Argo — a film review by Gary Chew
How can a fact-based movie about an incident happening between the U.S. and Iran in 1979 make someone remember how he felt watching WWII movies near the end of that conflict? Each was much different from the other … for many reasons. Argo came off the screen at me so patriotically pulling for America.
I felt twenty feet tall in the old movie house when I was about 6 or 7 as everyone in the place felt Hollywood take us deeper into our emotions to really root for the nation. The stakes in the ’30s and ’40s were very high.
“Argo” did that for me — a new film directed by its lead actor, Ben Affleck. Among its producers, besides Affleck, are George Clooney and Grant Heslov. Heslov was also a writer and producer of the 2005 biopic about CBS newsman, Edward R. Murrow, “Good Night and Good Luck.”
This actual spy caper, also called “Argo,” happened before 52 American hostages were released by Iran after 444 days in1981 at the approximate time President Reagan was taking his first oath of office on January 20th. The mission was declassified by President Clinton in the ’90s.
Argo is such a good story it seems it was concocted to, eventually, be made into a motion picture… which is just what has happened.
Americans didn’t know for some time that the CIA and persons in Hollywood created a ruse pretending a non-existent California film studio wanted to shoot scenes in well-suited locations of Iran, using a Canadian cast and crew, for an upcoming sci-fi film production.
Six American diplomats were hunkered down at the Canadian ambassador’s home in Tehran after slipping past surging, angry Iranian demonstrators who were affronted by the U.S.’s cozy connection with the then recently deposed Shah of Iran.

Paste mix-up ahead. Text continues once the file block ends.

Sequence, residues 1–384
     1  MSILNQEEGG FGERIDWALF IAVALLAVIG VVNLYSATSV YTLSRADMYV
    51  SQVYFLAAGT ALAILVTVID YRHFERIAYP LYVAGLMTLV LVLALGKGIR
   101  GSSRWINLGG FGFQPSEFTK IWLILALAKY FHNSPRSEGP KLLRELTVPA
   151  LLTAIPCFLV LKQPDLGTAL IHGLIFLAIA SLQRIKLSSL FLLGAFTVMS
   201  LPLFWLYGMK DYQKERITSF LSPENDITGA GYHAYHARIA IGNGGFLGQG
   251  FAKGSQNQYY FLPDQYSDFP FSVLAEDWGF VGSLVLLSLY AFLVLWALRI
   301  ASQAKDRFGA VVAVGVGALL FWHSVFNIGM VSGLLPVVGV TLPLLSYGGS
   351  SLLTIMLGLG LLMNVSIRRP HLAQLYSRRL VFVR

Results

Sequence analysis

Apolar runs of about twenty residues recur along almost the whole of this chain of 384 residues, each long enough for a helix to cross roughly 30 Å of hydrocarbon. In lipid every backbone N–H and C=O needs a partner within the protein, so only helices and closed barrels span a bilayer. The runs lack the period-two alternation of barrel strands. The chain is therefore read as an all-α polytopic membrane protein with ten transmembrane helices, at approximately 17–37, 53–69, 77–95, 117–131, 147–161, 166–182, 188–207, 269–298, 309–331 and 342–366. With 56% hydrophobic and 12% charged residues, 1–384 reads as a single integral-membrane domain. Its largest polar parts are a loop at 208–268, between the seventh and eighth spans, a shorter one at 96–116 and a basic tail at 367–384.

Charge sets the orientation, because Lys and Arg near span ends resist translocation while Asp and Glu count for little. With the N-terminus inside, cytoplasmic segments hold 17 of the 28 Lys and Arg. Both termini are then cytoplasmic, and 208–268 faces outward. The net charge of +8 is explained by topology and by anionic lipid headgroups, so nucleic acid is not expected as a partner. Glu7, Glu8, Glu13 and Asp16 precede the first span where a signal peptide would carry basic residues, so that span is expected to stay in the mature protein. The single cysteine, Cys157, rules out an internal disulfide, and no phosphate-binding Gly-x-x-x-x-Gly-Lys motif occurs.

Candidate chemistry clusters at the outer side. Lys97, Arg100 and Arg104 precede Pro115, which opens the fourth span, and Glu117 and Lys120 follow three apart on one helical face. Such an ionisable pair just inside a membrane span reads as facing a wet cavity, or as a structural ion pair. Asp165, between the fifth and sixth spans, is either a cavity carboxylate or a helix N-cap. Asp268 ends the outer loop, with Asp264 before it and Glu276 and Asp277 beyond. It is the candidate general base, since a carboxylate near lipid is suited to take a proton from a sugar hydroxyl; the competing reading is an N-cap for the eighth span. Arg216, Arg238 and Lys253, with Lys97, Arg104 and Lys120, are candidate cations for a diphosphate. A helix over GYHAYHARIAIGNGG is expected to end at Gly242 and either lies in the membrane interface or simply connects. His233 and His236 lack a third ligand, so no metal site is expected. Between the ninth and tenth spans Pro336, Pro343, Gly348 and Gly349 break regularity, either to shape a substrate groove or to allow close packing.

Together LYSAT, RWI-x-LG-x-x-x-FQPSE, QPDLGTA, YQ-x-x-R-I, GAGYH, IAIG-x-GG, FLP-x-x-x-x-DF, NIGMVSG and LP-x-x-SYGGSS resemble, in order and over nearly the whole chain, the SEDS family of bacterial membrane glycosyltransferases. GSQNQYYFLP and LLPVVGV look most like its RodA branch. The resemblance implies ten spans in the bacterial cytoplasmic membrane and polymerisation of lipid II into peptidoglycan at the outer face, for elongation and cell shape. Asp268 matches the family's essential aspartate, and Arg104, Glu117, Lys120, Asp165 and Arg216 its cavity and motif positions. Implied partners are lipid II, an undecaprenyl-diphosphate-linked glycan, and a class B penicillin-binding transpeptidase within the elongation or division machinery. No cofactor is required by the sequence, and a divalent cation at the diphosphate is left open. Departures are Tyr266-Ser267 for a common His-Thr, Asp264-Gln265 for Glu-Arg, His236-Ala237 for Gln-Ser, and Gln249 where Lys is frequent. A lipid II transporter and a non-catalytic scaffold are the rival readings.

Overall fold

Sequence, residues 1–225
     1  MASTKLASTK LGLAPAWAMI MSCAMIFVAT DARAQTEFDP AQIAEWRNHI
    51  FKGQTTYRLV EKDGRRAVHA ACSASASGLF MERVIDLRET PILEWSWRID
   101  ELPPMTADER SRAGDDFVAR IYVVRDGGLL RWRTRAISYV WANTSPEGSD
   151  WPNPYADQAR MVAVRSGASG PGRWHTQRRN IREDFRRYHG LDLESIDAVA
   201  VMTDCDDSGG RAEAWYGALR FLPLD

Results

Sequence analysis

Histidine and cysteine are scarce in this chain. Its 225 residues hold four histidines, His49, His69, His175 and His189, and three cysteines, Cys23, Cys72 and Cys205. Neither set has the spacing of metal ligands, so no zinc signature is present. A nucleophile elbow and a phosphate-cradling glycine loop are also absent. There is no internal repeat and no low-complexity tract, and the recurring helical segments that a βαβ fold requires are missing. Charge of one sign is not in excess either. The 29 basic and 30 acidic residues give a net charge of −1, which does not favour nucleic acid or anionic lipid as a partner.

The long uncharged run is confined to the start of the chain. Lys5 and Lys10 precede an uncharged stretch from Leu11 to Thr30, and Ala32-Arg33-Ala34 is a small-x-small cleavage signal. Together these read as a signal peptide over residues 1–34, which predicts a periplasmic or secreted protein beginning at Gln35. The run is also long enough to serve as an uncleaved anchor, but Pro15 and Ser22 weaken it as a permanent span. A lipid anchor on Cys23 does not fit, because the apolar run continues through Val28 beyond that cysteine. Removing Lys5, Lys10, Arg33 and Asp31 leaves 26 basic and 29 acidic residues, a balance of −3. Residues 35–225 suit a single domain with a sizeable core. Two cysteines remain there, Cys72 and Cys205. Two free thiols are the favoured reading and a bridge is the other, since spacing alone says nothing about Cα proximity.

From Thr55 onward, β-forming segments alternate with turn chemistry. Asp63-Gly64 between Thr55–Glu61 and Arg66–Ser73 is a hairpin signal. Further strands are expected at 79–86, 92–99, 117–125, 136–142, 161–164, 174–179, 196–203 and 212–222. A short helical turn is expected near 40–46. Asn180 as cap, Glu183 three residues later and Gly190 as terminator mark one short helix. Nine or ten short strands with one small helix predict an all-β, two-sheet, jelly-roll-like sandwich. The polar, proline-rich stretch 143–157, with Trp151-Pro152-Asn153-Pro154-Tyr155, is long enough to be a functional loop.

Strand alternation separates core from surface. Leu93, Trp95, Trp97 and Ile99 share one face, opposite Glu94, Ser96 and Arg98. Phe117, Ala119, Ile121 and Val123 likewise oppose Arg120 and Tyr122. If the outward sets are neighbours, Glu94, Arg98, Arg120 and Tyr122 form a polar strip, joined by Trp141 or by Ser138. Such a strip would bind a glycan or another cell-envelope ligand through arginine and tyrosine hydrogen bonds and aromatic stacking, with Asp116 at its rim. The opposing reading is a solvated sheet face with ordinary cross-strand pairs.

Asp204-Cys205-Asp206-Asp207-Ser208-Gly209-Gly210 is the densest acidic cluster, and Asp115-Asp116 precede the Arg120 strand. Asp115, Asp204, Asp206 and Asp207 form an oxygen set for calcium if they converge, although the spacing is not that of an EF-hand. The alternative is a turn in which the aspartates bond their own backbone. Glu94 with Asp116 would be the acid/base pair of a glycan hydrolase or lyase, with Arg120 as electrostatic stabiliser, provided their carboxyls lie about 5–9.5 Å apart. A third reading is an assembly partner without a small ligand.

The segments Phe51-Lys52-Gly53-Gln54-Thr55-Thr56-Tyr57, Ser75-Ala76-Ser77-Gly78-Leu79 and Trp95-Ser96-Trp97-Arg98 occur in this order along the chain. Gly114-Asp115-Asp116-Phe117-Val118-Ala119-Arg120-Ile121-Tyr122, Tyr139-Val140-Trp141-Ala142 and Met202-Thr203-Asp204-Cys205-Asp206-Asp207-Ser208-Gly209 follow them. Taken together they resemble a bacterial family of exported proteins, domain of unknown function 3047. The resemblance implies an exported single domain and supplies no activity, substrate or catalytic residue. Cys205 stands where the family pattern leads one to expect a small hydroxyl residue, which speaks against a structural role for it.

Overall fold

It looked grim for those six U.S. citizens. Tehran, for Americans, was a “take no prisoners zone.” Several phony scenarios to spring the Americans were laid out by the Carter Administration.
Argo got the call, after all: Movie makers on the ground in Iran with storyboards and trumped-up pre-publicity to dupe the new theocratic Iranian government in order to get our endangered citizens back home, breathing.
Affleck plays Tony Mendez, a former CIA specialist. Mendez wrote a memoir (“The Master of Disguise”) that tells how he contrived a loopy-sounding escape scheme which he coined as an “exfiltration” of the six Americans. The screenplay is by Chris Terrio.
What more could a movie script ask for than a real escape adventure on which the lives of actual Americans depend that incorporates the schtick of eccentric Hollywood types in league with the anonymous and rather glum attitudes housed in Langley, Virginia.
Let me tell you about the Hollywood types.
How about Alan Arkin and John Goodman as two rather jaded film people who, after quipping their way through why they shouldn’t do this cockamamie stunt with the CIA, decide they want to help out trying to save the stranded six?
Arkin plays a fictitious Hollywood producer named Lester Siegel and Goodman’s character is the late John Chambers, an Oscar-winning make up artist, who specialized in monster paraphernalia.
These two fine actors make you forget “Argo” is serious. I’d venture a guess that “Argo” might be the funniest most serious movie you’ll ever see. One minute, I found myself feeling the dread of the nervous, secreted U.S. Embassy personnel; the next, I’m falling out of my seat laughing at the shenanigans carrying forth in palm-shaded Southern California with Siegel and Chambers.
The Los Angeles send-ups nicely balance the backstabbing that goes on in Washington.
Hefting in the patriotic qualities of “Argo” makes the film a solid winner. The movie’s title will likely never escape your memory, but you’ll have to see it and hear the dialogue to understand why. I am just not at liberty to say.
The film is rated “R.”
Lending important authenticity, actual television news film and video are deftly edited into the picture. It gave me an opportunity to see and hear old faces and voices from TV newscasts past: Chet Huntley’s memorable voice; Frank Reynolds’ baritone delivery and familiar face; then there’s Walter himself, suggesting that “this is the way it was.” And, it was.
“Argo” is a very good movie. If I were you, I’d go see it. The film deserves almost as many stars as General MacArthur wore on his cap.
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